Peace will take its time coming in Afghanistan

Ruchi Ghanashyam Tuesday 31st August 2021 03:57 EDT

Two weeks after the entry of the Taliban into Kabul, the situation remains extremely fluid in Afghanistan. As the people of Kabul try to get used to the new situation, attacks on the airport have started. A suicide bomb attack at the airport killed both Afghans and US Service members. This was followed by several rockets fired at the airport in Kabul, amidst the evacuation of Americans and allies, as US troops raced to complete withdrawal from Afghanistan. Both attacks were claimed by ISIS. US drone strikes claimed to have hit an explosive-laden vehicle, carrying suicide bombers targeting Kabul airport, thus preventing another attack. 

Meanwhile, resistance to the Taliban has gathered from the long time stronghold of Panjshir valley. Lion of Panjshir, Ahmad Shah Masood and his band of fighters had defended the valley successfully during the Soviet invasion of Afghanistan as well as against the Taliban in the nineties. Panjshir also remained out of bounds for the Taliban during the last twenty years. Masoud’s son, Ahmad Masood, and his fighters have put together armed resistance against the Taliban in Panjshir. The Valley would be harder to defend this time round as the supply routes from the north have narrowed, virtually squeezing the Panjshir valley. The road from Kabul to Panjshir is also said to be more modern and wider. Being young and having lived in a relatively peaceful Afghanistan, Ahmad Masood and his fighters lack fighting experience or the participation of senior commanders of the erstwhile fight against the Soviet forces. They face an uphill battle against Taliban forces, who are supported by Pakistan and bolstered with captured American weapons and equipment. 

As the Taliban neared Kabul, Afghan Vice-President, Amarullah Saleh, who has been a staunch critic of the Taliban and Pakistan, went to his birthplace, Panjshir, where he proclaimed himself to be the rightful President of Afghanistan as president Ghani was no longer in the country.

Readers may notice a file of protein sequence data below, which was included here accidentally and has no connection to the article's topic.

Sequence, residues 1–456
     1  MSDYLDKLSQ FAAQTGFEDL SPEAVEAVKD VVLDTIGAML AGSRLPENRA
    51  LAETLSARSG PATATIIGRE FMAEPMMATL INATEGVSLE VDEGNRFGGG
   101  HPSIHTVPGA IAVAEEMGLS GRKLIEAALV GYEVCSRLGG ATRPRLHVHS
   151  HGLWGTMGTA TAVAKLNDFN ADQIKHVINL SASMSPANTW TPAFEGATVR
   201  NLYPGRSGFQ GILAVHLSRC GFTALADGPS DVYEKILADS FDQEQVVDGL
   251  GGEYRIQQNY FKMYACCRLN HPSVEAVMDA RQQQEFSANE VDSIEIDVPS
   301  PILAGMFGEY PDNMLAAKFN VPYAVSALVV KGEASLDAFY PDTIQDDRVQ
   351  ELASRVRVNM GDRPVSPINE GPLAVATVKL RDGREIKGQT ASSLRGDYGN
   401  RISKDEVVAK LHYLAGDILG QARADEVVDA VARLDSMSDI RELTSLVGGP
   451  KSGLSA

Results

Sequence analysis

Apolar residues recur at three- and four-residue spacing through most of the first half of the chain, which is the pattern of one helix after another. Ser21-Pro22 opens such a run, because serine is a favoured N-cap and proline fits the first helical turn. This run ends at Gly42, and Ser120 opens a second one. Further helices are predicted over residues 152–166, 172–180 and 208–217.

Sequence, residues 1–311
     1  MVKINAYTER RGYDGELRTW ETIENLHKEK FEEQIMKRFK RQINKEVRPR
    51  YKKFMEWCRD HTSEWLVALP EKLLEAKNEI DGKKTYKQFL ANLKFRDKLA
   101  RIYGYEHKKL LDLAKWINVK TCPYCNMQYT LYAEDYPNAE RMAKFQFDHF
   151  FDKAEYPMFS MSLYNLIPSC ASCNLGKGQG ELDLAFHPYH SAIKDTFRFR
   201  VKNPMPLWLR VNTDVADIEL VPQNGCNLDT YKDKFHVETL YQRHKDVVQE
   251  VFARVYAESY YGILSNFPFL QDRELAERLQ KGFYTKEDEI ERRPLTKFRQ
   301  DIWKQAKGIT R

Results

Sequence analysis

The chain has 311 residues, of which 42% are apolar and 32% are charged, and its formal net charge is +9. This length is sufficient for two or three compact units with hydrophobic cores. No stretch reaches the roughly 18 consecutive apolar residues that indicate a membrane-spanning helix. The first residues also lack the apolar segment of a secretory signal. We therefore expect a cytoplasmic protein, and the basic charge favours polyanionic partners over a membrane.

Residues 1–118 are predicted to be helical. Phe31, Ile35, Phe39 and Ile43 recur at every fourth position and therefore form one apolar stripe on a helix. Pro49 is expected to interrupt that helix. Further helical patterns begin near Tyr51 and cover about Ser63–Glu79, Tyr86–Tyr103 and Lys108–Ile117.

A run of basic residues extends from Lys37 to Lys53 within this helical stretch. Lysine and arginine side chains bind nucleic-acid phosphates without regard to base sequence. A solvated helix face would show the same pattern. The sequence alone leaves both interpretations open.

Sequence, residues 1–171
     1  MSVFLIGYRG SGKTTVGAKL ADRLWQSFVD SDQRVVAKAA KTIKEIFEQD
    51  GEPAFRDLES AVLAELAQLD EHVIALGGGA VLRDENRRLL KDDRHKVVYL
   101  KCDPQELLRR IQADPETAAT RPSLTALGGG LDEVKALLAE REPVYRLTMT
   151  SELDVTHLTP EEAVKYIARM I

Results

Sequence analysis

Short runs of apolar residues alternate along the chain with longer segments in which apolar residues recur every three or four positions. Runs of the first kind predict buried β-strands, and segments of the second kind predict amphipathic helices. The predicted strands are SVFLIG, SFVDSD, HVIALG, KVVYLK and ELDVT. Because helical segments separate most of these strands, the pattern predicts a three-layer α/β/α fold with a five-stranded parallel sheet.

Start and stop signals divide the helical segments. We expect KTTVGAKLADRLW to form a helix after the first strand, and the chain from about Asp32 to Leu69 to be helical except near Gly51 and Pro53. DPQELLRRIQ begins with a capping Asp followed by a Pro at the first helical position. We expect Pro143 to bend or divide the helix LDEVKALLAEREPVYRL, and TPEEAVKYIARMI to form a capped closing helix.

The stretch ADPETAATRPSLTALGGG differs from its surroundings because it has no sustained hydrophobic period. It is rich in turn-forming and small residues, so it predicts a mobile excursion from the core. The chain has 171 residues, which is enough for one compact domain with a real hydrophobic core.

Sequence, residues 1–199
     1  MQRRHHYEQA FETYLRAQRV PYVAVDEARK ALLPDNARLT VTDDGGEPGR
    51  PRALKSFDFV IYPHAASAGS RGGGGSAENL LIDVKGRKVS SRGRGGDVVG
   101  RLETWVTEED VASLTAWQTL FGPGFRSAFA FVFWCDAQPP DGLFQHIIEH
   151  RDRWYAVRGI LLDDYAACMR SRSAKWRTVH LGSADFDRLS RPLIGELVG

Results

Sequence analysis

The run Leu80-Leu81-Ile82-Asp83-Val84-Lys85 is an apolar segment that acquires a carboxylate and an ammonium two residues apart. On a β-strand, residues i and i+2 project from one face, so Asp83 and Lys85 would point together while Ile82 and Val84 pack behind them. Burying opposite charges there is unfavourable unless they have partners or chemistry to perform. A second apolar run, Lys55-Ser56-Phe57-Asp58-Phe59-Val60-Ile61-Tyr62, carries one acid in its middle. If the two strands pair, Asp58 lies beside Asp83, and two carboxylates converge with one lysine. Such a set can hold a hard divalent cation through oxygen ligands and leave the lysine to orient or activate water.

Looking at the current situation in Afghanistan, one can not but ask the question of whether the US forces should have stayed in Afghanistan at a reduced number for some more years. Examples are being cited in support of this position.  The haphazard US evacuation has made the US look like a tired and defeated empire, as it seemed to be scrambling to get the last of its people out. It will take years for the US to redeem its image, if at all.  

For India, the situation poses a dilemma. The Taliban have been making statements that indicate their changed approach to human rights and the rights of women. They have said they will allow girls in schools and universities, within the norms of Sharia, in girls-only institutions. The deputy head of the Taliban office in Doha, Sher Mohammad Stanekzai, has said that India is “very important” for the subcontinent and the Taliban want to continue Afghanistan’s cultural, economic, political and trade ties with India “like in the past”. This is being interpreted as an outreach by the Taliban to India. 

On the other hand, India has been a friend of the Afghan people. Indian efforts in Afghanistan have been aimed at capacity building and strengthening democracy, institutions and improving the lives of Afghans.  India also has a long relationship with the Panjshiris. Welfare of the Afghan people will remain a primary consideration in India’s approach to Afghanistan.

India has to weigh the Taliban overture carefully. Taliban’s success is built on the back of Pakistan’s ISI and Pakistani mercenaries. Fighters of the anti-India Haqqani network and even terrorist organisations like Lashkar-e-Taiba and Jaish-e-Mohammad are known to have supported the Taliban. The latter two are active against India, especially in the Kashmir valley, and have been behind several terrorist attacks in India. The Haqqani network, at the alleged behest of Pakistan’s ISI, is said to have been responsible for the killing of two senior Indian diplomats and two ITBP guards amongst others, in a suicide bomb terror attack in 2008, outside the gates of the Indian Embassy in Kabul. In the first version of the Taliban in the nineties, anti-India terrorist groups could find a safe haven and training ground in Afghanistan. The hijacking of Indian Airlines flight IC814, from Kathmandu to Kandahar, in 1999, was carried out by the supporters of Maulana Masood Azhar, founder of Jaish-e-Mohammad.  Taliban sanctuary and support to Al Qaeda leader, Osama bin Laden, is well known.

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